I am standing in a puddle. Rain drips off my lips and a yellow poncho hangs off my skinny shoulders. In a week I will turn thirteen. Today I will fall in love.
My mom created a new definition for “pity party” when she invited Jenny, my friend I hadn’t seen since preschool, to celebrate my Unlucky Thirteen with me. A few months before, my family had moved across the country, and because I was homeschooled and reaching the peak of my introverted stage, my mother had to invent friends to invite to my birthday celebrations for a couple of years.
During the car ride to the concert, Jenny and I spend about five minutes reminiscing about that time in preschool when were sitting in our car seats and eating Life Savers and we both choked at the same time and our mothers almost had to resuscitate us. Then we settle down into a soggy, awkward silence.
We are greeted at the Soul Song Christian Music Festival by a huge clap of thunder. Now we are standing in a puddle, waiting for the moment when First Love, my favorite Christian boy band ever, will dance onto the stage.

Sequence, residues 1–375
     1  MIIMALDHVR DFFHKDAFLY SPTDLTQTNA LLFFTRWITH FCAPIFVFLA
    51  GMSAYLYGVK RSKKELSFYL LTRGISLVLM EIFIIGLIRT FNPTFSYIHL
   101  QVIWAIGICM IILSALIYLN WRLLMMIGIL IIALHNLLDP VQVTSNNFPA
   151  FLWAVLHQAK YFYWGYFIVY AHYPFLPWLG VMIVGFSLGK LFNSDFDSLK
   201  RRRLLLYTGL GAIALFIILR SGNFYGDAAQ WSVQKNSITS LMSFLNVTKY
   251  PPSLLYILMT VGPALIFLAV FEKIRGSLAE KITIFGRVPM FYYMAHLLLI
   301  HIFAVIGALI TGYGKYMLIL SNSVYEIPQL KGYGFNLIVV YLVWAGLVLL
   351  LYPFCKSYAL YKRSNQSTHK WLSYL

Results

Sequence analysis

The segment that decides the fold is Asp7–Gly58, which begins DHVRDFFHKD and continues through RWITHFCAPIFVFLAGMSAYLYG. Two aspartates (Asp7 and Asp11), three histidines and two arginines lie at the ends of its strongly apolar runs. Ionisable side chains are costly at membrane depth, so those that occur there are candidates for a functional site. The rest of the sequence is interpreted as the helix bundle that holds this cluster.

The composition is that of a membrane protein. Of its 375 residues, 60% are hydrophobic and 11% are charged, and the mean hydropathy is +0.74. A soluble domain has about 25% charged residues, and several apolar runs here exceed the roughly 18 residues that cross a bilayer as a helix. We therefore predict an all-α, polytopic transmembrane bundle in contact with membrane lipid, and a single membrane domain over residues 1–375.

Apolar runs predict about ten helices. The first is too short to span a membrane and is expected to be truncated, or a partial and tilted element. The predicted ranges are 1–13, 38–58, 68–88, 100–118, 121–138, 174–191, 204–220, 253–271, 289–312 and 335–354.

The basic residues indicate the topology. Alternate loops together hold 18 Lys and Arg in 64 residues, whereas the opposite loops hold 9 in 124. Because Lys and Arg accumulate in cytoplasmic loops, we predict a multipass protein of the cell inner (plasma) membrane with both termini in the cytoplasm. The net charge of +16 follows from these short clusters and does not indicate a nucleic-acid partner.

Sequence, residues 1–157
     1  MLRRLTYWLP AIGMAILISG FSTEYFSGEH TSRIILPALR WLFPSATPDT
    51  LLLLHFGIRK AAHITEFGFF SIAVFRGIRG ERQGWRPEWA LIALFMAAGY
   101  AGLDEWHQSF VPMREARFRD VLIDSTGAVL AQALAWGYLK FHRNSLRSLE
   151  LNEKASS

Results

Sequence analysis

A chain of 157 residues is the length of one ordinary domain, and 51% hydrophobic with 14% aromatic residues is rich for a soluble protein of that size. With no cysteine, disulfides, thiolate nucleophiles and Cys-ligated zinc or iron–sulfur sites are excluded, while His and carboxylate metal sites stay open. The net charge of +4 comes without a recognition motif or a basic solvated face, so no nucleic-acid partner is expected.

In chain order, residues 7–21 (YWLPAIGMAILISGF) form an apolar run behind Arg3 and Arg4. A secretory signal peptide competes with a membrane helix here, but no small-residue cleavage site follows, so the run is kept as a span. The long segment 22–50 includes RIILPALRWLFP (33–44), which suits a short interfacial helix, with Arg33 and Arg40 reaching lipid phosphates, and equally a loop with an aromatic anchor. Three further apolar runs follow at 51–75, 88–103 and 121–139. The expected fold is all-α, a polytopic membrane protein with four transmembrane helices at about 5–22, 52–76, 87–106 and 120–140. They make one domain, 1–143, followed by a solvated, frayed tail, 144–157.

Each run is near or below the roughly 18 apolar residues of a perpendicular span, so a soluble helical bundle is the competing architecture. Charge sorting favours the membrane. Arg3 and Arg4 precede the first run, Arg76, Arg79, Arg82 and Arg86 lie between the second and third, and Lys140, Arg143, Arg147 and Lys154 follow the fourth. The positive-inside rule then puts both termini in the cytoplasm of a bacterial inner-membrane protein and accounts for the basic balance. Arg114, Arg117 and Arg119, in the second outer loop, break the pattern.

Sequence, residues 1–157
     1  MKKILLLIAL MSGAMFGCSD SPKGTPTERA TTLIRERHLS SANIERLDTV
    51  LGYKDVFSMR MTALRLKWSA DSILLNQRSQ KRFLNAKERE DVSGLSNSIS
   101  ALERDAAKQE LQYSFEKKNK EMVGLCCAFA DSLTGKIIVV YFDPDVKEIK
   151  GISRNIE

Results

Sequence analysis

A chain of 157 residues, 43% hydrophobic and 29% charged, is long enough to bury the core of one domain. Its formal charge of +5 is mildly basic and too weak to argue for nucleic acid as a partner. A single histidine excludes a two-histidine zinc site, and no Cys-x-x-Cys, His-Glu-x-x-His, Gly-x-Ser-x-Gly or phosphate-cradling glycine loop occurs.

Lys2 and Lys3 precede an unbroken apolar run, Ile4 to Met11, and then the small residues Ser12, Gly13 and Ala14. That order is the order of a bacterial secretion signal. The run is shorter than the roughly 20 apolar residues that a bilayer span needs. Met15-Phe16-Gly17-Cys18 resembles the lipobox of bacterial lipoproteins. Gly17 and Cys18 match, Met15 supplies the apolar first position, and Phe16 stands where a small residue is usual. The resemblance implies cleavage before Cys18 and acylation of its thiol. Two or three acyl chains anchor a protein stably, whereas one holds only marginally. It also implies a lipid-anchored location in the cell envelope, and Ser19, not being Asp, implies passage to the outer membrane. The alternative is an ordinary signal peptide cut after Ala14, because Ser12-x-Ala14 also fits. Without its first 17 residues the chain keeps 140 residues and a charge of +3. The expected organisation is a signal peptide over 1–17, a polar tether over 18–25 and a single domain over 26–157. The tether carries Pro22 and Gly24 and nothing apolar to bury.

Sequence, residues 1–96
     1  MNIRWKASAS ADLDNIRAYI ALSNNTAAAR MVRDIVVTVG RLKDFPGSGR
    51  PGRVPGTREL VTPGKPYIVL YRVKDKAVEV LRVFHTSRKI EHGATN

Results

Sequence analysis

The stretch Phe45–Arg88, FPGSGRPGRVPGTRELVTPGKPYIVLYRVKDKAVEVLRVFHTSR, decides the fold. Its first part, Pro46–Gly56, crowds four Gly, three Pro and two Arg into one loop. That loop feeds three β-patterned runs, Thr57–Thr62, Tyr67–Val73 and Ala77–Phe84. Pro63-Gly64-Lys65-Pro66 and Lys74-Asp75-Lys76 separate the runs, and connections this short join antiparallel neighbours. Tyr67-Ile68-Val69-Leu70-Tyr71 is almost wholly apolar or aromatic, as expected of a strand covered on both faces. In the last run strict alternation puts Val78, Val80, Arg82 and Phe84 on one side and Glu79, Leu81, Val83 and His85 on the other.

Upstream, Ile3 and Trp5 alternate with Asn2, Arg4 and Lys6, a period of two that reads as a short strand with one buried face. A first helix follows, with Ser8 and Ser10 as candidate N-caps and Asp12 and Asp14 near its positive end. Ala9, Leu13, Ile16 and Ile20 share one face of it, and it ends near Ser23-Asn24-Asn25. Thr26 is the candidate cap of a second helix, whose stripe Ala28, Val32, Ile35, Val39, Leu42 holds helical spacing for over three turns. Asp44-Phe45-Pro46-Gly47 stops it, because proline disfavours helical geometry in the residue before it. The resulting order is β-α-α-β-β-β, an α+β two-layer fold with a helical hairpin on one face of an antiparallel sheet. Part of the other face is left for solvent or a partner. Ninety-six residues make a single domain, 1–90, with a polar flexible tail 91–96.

Chris, Jared, Josh, Shawn, and Ryan do not dance onto the stage. They rise out of the floor, posed like male, leather-clad Charlie’s Angels. They are so cute. I do not care anymore that I am wet, because I am totally, totally crushing.
Next to me, Jenny is chatting with my nine-year-old brother, Jet. Jet came out of the womb with a tough guy name and today he has a bully side to match. First, he has stolen my faux-friend, Jenny, who finds his boyish charms far more approachable than my aura of shyness. And now Jet is complaining. It’s wet. It’s cold. This is so boring. Dad. Dad. Dad. I want to go home.
I am still watching First Love’s youngest member, Ryan Kelly. Ryan Kelly, with his Brian McKnight voice and quarterback body. Oh. He is my favorite. I love him. I…
“Hey, Bets, I think we’re gonna leave.”
“What? Dad! First Love has only sung one song! And it’s my birthday!”
“Honey, Jet is wet and miserable. We just need to go.”
I pound my forehead against the car window all the way home. Jet and Jenny are laughing at one of their new inside jokes. My love is on stage at the festival, and I sit in a van, wringing out my jacket.